When the seasons change and the weather turns warmer, we want to throw open our windows and doors and let the sunshine in. It’s the perfect time to lavish some attention on the home and give it a thorough spring clean. The tradition dates back centuries but if the thought of blitzing every room from top to bottom feels like an overwhelming household chore to fit into your busy work and home schedule, we have some ideas.
With a bit of planning and a positive attitude, house decluttering and deep cleaning can not only be made more manageable, it can even be a fun project for the whole family to join in. Look at it as an exercise in family bonding and an opportunity for learning to take real pride in your home surroundings. Enjoy the fruits of your labour and make your home a nicer place to be. It’s a win all round.
Make a plan
All good projects start with proper planning and are kept on track with good organisation and management. Spring cleaning your home is no different. Make a list of all the cleaning and decluttering jobs that need doing around the house, how long each task is expected to take and who is the allocated person responsible. Where necessary, break individual tasks into bite-size pieces you can handle, and declutter one room at a time. It’s a good idea to get the most daunting or least popular jobs out of the way first, while you still have maximum energy and patience. The really satisfying bit comes when you can tick off and cross through the tasks when they are done.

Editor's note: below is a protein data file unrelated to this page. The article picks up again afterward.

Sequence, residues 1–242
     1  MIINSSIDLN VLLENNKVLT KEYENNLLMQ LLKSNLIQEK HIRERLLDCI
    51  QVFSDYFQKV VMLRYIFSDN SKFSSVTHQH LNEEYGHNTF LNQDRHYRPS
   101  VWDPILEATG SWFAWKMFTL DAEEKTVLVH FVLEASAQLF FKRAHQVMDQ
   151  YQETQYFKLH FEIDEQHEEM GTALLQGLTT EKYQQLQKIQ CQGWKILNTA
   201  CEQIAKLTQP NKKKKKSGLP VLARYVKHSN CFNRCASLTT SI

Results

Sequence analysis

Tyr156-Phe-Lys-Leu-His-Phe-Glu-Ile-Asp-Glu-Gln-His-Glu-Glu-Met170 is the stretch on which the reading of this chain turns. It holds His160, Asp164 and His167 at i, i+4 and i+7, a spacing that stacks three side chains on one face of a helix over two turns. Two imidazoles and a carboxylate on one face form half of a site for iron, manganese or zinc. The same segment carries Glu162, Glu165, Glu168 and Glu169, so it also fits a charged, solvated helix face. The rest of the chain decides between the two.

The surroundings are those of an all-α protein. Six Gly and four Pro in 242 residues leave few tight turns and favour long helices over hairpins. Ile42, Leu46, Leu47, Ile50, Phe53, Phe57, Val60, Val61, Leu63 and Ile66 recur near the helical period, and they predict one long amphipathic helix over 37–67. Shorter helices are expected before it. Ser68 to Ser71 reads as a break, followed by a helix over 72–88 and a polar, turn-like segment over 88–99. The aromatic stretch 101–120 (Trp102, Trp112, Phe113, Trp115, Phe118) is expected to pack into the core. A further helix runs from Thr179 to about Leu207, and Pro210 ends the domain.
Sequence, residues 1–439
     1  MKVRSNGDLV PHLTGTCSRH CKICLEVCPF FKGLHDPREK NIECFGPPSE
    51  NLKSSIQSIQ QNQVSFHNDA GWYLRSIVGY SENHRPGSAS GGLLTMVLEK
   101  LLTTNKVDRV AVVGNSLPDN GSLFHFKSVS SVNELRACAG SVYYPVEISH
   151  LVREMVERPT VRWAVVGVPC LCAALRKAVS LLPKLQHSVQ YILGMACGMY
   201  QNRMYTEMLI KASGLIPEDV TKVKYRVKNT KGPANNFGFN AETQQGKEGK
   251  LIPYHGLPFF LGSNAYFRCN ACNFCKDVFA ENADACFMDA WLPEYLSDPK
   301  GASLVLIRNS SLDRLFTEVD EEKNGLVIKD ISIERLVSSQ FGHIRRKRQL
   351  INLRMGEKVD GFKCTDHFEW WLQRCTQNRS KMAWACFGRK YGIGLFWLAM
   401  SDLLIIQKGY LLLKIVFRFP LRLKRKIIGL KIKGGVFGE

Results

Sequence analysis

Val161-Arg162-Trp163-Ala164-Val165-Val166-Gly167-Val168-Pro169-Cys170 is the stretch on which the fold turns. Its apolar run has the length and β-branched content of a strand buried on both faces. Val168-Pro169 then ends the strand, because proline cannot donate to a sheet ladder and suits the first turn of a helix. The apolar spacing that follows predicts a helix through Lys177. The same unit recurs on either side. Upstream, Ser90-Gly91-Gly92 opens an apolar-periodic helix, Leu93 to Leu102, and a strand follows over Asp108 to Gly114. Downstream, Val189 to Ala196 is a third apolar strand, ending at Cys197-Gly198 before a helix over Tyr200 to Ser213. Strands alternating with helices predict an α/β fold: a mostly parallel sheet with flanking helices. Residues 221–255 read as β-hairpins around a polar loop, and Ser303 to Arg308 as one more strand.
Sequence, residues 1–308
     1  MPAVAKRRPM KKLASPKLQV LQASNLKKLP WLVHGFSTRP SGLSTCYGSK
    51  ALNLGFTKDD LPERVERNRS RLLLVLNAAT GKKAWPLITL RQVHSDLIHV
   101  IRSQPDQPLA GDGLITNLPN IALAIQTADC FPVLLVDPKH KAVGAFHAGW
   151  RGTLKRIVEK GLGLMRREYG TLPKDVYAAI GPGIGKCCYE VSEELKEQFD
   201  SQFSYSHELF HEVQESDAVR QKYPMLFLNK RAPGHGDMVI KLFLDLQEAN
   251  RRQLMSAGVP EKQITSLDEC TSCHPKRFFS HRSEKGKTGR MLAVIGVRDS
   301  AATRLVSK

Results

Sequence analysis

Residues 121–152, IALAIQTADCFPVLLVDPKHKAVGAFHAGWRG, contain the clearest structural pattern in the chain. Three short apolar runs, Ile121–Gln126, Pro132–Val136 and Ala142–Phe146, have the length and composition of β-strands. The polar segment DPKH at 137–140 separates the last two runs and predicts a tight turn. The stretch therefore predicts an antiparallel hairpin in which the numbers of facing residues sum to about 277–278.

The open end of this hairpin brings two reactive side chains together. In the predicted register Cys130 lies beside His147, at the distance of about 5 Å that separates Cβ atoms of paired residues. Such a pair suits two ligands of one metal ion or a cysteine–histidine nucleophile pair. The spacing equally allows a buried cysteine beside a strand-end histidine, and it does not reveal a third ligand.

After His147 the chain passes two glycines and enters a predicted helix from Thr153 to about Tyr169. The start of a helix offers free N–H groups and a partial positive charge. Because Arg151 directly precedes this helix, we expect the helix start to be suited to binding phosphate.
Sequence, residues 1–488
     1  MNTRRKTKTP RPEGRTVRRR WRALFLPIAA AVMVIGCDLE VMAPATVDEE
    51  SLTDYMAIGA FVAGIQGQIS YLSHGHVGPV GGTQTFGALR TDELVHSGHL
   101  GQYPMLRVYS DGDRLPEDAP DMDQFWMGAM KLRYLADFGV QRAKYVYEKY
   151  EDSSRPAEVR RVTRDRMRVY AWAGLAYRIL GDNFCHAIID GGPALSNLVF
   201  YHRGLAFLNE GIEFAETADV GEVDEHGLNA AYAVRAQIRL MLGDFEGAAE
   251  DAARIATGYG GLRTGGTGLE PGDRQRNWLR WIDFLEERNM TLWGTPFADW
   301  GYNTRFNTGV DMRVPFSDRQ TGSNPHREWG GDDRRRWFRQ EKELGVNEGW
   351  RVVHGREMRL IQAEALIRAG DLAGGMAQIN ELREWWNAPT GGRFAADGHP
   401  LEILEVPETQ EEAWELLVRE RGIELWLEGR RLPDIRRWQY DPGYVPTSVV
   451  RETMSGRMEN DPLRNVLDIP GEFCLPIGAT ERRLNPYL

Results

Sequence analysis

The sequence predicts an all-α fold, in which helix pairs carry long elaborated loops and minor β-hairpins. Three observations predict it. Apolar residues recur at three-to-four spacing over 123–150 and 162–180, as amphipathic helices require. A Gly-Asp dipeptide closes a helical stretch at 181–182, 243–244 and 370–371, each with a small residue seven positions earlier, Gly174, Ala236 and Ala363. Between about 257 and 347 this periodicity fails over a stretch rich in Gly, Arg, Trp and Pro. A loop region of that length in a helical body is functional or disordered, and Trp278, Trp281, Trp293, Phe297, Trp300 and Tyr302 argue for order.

Create a playlist
Keeping your motivation up during the spring clean is arguably just as important as having a clear to-do list to follow. That’s where your playlist comes in. Music is a great way to keep cheerful and upbeat while you work. The right choice of tunes and beats can make even the worst cleaning jobs more tolerable. Take some time to compile an upbeat playlist to carry you through – here’s a suggestion from Spotify – then open the windows, turn up the volume and let your favourite songs take it away. From crooning along to Adele’s latest ballad to feeling the infectious groove of I Like To Move It from the movie Madagascar, make sure there’s something for all the family.
Get the right supplies
Next, do a stock check of cleaning products and equipment in your cupboard to see if you have all you need, or if there’s anything missing. If conventional detergents and household cleaners are your go-to, consider whether natural supplies that are more environmentally friendly could work equally well. You can get eco cleaners from most supermarkets these days, or you could easily make your own saving money. Your green home cleaning basket should contain lemon juice, distilled white vinegar, bicarbonate of soda and table salt. Also check over your vacuum cleaner, broom, dustpan & brush and make sure you have plenty of reusable (and ideally biodegradable) cleaning cloths available.
Wash the windows